Comptroller Scott Stringer has been getting some good press lately for his new ClaimStat program, which tracks financial claims against the city as a way of identifying potential problems. A New York Times editorial called it nothing less than a step toward “better governance through data.”
The Times pointed out that seeing where claims pop up, like certain police precincts, can help direct attention where it’s needed. The paper also noted that after a significant cut in the tree trimming budget, claims against the city resulting from falling tree branches surged. The next time city leaders want to pursue what the Times characterized as a “short-sighted” policy, the consequences, thanks to ClaimStat, will be “blindingly obvious.”
In their latest report, the Comptroller’s office looked at claims from the city’s jails. And things don’t look so good.
In the wake of a federal investigation that found completely astonishing rates of violence in the youth segment at Rikers, and Times reporting that found the same in other sections of the jail, the numbers shouldn’t be so shocking. But it certainly makes the trends clear.
What the report reflects is what we now know, thanks to the feds and the Times’ reporting. But the report would seem to underscore the efficacy of what Stringer is trying to accomplish. If ClaimStat had been operational back in 2011, when claims at Rikers started to grow in leaps and bounds, would we have seen this coming? Can ClaimStat serve as an early warning system at insular institutions like jails, where prying eyes often have a hard time peering in?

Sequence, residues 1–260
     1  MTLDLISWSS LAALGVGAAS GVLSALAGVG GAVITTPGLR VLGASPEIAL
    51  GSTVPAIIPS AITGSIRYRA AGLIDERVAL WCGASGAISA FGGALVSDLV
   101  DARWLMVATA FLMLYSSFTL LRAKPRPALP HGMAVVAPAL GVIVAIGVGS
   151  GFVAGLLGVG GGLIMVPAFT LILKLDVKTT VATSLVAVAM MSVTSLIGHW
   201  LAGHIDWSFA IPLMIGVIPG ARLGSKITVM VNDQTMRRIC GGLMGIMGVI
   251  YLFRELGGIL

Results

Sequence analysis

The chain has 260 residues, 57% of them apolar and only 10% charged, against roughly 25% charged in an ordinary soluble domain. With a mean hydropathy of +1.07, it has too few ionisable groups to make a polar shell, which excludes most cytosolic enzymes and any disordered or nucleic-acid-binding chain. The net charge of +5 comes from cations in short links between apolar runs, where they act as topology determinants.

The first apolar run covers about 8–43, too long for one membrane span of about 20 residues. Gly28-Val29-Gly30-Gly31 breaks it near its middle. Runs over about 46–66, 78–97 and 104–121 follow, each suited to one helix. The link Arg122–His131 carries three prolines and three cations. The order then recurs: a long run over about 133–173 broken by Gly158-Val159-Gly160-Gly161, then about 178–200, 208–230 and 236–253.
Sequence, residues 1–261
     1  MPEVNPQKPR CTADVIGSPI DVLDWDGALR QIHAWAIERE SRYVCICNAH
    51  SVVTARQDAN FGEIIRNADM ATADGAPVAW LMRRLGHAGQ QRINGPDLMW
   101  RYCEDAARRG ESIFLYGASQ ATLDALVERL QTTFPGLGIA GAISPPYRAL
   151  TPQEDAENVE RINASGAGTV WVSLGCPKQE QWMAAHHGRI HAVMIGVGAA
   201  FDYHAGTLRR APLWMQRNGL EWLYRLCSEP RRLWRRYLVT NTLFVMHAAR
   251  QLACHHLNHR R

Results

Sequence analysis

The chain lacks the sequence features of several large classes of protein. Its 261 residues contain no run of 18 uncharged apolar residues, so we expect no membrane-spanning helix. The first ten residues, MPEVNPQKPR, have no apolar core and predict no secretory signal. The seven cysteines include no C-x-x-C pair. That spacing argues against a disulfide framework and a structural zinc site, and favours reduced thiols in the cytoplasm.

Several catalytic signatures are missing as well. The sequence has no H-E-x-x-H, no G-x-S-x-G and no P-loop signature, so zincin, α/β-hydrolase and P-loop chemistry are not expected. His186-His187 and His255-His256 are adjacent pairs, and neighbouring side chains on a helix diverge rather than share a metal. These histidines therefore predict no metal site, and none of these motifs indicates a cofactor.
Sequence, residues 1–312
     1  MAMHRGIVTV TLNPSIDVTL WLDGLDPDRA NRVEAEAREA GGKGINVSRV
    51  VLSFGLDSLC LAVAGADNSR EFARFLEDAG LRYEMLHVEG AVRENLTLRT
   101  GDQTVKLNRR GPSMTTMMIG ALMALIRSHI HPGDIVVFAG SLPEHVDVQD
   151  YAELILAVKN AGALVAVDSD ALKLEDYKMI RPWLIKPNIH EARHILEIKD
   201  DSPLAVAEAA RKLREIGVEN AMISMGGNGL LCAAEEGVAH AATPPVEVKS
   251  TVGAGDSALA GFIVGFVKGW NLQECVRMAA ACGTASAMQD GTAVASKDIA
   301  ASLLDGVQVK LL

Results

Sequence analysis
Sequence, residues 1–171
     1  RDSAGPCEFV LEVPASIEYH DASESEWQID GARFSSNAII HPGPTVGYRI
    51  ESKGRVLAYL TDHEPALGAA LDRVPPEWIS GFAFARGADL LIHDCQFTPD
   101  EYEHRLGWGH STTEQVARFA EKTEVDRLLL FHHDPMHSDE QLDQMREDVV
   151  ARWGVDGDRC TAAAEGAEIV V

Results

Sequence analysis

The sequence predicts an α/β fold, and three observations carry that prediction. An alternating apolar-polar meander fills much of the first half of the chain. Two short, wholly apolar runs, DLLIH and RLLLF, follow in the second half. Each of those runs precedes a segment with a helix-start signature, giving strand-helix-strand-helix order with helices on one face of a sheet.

Interestingly, the recent revelations from the federal investigation came mostly from two jails, the Robert N. Davoren Center and the Eric M. Taylor Center. In the more detailed chart shown below, those units don’t look particularly bad. But given what we know now, what might be happening at the Anna M. Kross facility? That unit was part of the Times’ investigation earlier this year, and reportedly houses inmates with mental illness, but the spike in claims there seems especially dramatic.
It’s interesting that the claims actually paid out don’t appear to track the claims filed. But the report notes that the payouts will likely rise too, after claims have time to work their way through system and be adjudicated.
Read the Comptroller’s report in its entirety here.